For the past two years or more, a team of top academics based at UNSW’ s City Futures Research Centre has been investigating defective apartment construction in NSW.
In a week where another apartment block was on the point of being evacuated due to fears about defects in its construction, their findings make chilling reading. The following is extracted from a summary of their report published in The Conversation.
Defects in apartment buildings are commonplace, says the UNSW report, with just over half of Sydney’s apartments having at least one type of defect, while more than one in four had at least three different defects.
It also says that the combination of it being “impossible for buyers to know whether the apartment they are buying is good quality” and a market based on the idea of “buyer beware”, represents “a clear case of market failure”.
The report says it has been very difficult to get reliable figures on just how common building defects in apartments are, but they collected information for a random sample of 635 strata schemes completed between 2008-2017 across three Sydney local government areas.
They found 51 per cent had at least one type of building defect, 28 per cent had at least three types of defects, and 12 per cent had more than 10 different types of defects.
They also interviewed 66 industry experts: “only three said they didn’t think defects had become more common in recent decades,” says the report.
“While these findings are worrying, we believe our figures are actually conservative estimates of the true number of defects in strata schemes, given the difficulty we had getting detailed records,’ says the article in the Conversation.
“For many buildings in our sample, we couldn’t locate reliable information about whether defects existed or not, despite having a team of researchers working on the task and considerable support from our industry partners.”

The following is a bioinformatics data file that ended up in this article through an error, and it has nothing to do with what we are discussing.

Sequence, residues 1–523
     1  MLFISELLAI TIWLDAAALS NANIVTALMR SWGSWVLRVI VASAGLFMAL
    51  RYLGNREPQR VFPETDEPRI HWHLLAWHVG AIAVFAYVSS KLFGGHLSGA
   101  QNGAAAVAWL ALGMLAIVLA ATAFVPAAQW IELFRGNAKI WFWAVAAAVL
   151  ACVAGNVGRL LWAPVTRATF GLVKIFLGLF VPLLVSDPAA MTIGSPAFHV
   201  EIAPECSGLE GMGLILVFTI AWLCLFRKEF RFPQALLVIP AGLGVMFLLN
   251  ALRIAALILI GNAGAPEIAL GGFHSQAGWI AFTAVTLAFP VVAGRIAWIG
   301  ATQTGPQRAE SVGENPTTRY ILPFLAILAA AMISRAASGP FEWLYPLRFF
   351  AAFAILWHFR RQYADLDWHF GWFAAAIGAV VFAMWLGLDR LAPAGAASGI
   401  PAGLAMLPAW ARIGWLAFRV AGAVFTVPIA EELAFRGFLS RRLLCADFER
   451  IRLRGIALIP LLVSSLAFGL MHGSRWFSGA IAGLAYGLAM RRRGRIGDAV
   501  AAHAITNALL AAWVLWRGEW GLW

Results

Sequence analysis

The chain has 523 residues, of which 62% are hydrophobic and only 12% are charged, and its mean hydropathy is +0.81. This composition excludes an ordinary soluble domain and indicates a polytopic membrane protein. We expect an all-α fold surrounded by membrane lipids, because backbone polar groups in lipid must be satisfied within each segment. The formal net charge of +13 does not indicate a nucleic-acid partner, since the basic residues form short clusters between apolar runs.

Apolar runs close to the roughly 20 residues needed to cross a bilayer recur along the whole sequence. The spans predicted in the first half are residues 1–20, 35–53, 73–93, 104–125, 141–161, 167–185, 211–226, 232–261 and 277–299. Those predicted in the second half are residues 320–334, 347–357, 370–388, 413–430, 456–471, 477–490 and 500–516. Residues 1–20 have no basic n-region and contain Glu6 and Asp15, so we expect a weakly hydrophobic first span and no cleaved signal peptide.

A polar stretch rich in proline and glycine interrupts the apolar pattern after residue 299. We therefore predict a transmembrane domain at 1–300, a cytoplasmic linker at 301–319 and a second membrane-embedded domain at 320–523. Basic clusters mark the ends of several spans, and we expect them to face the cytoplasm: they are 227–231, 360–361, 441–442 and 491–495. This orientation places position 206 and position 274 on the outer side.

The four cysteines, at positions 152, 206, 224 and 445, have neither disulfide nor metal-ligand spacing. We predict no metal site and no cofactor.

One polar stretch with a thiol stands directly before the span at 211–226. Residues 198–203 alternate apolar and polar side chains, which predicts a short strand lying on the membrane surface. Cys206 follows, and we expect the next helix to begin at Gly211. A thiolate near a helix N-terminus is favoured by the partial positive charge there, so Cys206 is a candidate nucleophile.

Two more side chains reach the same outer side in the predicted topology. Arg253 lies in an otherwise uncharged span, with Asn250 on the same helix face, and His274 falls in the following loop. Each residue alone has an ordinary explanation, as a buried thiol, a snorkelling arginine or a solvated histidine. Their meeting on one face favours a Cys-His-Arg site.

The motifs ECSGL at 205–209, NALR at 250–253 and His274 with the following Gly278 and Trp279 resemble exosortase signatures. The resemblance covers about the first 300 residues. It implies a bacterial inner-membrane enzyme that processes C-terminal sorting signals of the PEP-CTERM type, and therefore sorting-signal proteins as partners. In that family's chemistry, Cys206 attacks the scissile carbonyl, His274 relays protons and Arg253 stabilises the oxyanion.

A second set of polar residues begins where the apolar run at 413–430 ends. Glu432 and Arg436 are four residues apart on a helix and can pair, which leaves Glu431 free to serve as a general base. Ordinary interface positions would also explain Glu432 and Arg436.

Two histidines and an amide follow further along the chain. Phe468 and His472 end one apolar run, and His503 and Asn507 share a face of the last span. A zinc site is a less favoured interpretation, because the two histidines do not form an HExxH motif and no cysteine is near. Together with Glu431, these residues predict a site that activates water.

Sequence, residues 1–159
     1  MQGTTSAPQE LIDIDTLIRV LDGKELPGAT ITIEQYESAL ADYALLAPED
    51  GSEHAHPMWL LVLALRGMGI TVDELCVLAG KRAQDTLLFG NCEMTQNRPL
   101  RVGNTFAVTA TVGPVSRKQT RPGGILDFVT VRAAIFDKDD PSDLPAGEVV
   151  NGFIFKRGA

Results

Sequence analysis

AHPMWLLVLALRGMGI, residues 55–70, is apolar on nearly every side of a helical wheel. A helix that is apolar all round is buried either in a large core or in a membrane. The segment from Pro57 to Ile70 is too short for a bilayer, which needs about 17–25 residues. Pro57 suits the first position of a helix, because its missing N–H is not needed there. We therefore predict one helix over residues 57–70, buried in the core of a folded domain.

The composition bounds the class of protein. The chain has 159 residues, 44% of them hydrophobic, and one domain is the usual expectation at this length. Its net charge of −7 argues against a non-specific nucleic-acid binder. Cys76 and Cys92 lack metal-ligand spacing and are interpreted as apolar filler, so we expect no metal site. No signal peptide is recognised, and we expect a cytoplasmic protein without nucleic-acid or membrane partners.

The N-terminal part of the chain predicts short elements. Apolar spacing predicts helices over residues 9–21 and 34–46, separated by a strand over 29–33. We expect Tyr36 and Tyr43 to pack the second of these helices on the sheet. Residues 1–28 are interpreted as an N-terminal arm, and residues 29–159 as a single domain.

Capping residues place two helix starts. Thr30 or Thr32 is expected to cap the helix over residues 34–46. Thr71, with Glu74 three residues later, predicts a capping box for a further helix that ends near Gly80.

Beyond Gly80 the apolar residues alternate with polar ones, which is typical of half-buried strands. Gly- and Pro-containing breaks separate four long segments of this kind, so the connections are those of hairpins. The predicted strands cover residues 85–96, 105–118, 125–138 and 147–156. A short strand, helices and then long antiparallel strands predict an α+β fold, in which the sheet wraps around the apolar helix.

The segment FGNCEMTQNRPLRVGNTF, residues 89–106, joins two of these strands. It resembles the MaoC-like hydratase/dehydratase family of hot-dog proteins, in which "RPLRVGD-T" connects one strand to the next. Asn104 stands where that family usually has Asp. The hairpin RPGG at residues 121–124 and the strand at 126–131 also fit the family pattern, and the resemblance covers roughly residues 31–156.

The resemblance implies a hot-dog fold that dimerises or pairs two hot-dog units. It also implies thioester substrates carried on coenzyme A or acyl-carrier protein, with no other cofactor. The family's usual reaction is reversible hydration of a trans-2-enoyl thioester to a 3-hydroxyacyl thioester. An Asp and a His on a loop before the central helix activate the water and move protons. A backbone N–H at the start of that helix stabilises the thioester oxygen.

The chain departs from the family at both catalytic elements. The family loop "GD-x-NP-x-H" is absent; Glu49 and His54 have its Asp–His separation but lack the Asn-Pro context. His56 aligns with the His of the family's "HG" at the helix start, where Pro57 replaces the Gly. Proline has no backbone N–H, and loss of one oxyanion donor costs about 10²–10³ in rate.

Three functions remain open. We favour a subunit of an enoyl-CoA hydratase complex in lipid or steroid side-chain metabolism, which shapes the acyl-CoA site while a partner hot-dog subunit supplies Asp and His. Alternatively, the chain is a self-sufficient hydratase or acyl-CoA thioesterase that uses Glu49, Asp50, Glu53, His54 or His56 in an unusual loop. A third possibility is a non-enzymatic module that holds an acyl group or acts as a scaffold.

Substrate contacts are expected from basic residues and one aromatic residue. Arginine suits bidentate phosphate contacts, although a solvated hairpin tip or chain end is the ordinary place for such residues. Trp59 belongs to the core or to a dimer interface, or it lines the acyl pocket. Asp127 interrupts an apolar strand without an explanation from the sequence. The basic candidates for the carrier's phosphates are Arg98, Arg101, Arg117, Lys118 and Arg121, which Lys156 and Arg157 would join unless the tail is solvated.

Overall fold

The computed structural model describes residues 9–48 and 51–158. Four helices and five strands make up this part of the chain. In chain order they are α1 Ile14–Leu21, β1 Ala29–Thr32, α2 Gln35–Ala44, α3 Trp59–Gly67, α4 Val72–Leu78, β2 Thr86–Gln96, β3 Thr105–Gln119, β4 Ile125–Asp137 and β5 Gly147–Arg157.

The researchers believe NSW has a serious problem with “information asymmetry”, with sellers having far more information than buyers about the underlying quality of the apartments for sale.
“This puts [buyers] at real risk of buying a property with defects, which they will then be responsible for fixing,” which can put significant stress on people’s health and finances, not to mention posing serious safety risk, or leaving owners with a property they can’t sell.
On a more positive note, the Office of the Building Commissioner has introduced new laws and provided more oversight of the construction industry, and the early evidence is that building quality is improving.
“This means fewer owners should have to struggle with rectifying defects in future (if you’re in this situation right now, this how-to guide may help).”
The article concludes: “To protect all owners and residents, we also need to make sure that when buildings have defects, it’s easier to find out about them and understand their impact. Buyers should be able to factor this in when considering a property. And owners who have defects should get more support from government to get them fixed.”
“With one in five NSW households living in private apartments (plus more in public housing), the safety and security of apartment living needs to be a top government priority.”
The UNSW report for its City Futures Research Centre was compiled by Dr Laura Crommelin, Dr Sian Thompson, A/Prof Hazel Easthope, Prof Martin Loosemore, Hyungmo Yang, Dr Caitlin Buckle and Prof Bill Randolph.
The Conversation website sets out to combine “academic rigour” with “journalistic flair” and is well worth a look for its intelligent and authoritative reporting, especially at a time when so much misinformation and deliberately misleading disinformation is directed at some of the most critical issues in our lives.
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